Tag Archives: Joyce Chapman

“…many things have been omitted which should have been recorded. . . .  It is not easy to write in a journal what interests us at any time, because to write it is not what interests us.” –Henry David Thoreau

Still?  Haven’t started yet?  For an introduction, or a refresher, see

composition book 1No expensive blank-page, hardcover or leatherette book: use notebook paper, a speckled notebook, or some similar writing book.  (Avoid notebooks wire-bound that flatten or break or can scratch or poke.)  

Keeping it regularly?  Faithfully?  A few times a week?

Stuffed with “stuff,” like receipts, greeting cards, pictures, favorite essays from magazines, emails from friends?  or also filled with dreams and bads and goods?

Are you conversant with your soul?  Do you confer with those who have crossed over to the Other Side?

Can you/do you capture life as you see it, the now, the past, the present?  (You are not stuck in the past, are you?)

Do you connect the few facts you know, the slim insights you have attained, the “chance extensions of sensibility into which you have been once or twice tempted into a larger enough context to make sense of the world…or the works of art you encounter”?–[Leslie Fiedler]

Chronological order: date, day, time.  A good record (for reference, a place in time).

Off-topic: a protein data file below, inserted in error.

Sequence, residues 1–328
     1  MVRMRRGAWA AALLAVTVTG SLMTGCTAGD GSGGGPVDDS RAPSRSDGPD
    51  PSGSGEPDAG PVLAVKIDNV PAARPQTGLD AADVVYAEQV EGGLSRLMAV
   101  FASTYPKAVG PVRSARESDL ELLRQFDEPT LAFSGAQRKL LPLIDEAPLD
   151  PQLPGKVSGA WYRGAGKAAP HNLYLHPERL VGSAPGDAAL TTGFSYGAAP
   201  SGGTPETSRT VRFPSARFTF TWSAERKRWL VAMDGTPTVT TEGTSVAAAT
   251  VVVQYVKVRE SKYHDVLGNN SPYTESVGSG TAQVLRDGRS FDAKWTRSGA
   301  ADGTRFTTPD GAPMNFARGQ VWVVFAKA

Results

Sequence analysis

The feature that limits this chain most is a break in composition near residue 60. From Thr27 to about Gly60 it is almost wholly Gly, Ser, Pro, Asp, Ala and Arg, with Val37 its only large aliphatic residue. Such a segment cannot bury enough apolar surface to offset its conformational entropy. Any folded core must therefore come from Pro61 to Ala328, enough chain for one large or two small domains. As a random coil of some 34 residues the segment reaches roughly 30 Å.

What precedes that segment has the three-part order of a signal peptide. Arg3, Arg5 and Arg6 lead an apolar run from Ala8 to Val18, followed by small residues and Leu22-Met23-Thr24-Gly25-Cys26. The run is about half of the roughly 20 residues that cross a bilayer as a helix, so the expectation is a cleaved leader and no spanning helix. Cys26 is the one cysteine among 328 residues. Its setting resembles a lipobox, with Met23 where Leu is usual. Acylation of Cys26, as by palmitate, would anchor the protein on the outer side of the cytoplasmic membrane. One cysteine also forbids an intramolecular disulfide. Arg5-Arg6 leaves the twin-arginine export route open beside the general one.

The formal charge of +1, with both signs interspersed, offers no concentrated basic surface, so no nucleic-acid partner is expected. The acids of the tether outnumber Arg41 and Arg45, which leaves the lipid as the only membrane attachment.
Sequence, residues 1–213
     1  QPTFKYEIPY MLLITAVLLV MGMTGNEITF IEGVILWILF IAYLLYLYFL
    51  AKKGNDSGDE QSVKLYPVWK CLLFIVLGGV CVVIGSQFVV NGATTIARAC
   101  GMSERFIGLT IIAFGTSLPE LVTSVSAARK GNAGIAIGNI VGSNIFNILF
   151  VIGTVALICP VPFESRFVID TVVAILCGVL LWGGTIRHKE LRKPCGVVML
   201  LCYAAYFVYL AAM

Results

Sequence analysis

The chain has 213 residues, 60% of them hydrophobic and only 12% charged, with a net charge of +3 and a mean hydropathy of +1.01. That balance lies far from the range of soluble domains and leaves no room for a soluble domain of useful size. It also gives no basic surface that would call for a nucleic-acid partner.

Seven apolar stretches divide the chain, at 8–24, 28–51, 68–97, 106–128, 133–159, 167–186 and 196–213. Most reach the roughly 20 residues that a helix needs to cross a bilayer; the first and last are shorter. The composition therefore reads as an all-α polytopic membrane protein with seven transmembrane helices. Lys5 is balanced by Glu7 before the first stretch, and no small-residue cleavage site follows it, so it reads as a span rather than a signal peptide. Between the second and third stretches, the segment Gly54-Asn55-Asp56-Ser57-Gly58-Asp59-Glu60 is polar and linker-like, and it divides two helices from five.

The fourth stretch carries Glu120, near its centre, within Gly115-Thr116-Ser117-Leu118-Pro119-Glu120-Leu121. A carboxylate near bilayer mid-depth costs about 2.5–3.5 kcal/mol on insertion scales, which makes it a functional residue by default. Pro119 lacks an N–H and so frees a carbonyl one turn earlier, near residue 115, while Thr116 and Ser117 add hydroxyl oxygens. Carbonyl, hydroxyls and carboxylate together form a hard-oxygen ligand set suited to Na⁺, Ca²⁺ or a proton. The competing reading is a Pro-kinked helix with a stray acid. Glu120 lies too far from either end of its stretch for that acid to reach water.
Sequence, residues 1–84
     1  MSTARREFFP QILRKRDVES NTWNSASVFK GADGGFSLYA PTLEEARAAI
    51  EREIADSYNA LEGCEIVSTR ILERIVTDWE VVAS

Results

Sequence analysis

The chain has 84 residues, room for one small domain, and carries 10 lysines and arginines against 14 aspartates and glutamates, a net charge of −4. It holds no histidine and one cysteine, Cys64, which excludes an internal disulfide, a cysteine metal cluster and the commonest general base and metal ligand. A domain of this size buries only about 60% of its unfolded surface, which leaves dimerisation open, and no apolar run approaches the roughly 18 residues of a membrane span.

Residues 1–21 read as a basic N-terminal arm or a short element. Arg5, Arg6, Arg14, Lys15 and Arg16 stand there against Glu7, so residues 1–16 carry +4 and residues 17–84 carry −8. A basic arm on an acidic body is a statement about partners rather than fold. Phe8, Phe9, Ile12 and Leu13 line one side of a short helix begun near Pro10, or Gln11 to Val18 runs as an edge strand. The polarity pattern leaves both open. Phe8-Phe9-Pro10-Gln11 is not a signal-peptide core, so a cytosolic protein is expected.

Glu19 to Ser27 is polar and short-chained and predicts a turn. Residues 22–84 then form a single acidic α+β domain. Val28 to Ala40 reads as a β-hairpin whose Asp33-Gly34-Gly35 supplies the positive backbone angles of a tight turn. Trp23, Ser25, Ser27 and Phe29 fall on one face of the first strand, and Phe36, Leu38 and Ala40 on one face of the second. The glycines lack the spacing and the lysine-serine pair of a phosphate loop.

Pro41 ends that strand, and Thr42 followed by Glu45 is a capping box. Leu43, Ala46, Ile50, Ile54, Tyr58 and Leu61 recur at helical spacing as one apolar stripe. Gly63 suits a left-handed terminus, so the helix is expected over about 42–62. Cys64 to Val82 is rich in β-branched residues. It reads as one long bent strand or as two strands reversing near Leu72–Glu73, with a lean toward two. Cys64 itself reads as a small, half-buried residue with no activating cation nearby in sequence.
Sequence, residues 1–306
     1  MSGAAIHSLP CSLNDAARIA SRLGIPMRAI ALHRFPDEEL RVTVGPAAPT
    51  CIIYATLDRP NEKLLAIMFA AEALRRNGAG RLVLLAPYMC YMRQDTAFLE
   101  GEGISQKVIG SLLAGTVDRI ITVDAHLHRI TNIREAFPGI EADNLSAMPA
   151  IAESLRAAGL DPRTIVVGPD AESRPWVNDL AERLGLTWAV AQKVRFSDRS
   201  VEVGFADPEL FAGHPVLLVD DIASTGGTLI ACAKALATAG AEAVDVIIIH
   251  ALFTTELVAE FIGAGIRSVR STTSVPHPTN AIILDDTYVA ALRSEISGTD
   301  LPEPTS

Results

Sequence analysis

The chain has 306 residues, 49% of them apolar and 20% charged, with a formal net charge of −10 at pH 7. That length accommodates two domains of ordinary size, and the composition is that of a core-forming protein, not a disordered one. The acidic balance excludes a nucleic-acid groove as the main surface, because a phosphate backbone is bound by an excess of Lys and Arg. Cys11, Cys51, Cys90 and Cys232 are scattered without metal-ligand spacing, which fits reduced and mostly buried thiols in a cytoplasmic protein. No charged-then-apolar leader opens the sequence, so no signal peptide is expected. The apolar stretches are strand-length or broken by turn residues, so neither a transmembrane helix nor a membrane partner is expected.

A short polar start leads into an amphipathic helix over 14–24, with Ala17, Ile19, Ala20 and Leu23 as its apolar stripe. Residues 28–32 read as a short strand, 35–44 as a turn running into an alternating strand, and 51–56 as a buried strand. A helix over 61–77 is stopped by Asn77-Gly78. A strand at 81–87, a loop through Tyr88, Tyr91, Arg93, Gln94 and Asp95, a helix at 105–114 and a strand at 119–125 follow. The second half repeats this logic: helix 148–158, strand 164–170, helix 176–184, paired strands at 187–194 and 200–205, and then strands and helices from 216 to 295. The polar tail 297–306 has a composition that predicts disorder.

Not boring details.  But details.  What is that saying about details?  “The idiom “the devil is in the detail” refers to a catch or mysterious element hidden in the details, and derives from the earlier phrase ‘God is in the detail,’ expressing the idea that whatever one does should be done thoroughly; i.e. details are important.”  — [Wikipedia–and other sources]

No day is bereft of material to write about…about which to write.  See, hear, touch, taste, and smell.  Then understand, react.  Then WRITE.

Note the particulars that make you your journal, your journal you.

Need more than this?  Need a book for starters?  “If you want to change your life and know that you have the answers within, then learning to journal as a tool for rediscovering what you already knew, is the best way I know how. This book stands alone; and if you want to have a master teacher guide you into the depths of your soul, get this book and the companion workbook.”  [Marcia C. Bliss comment in 2013]:  Journaling for Joy: Writing Your Way to Personal Growth and Freedom by Joyce Chapman, 1991, 2013.

journaling for joy




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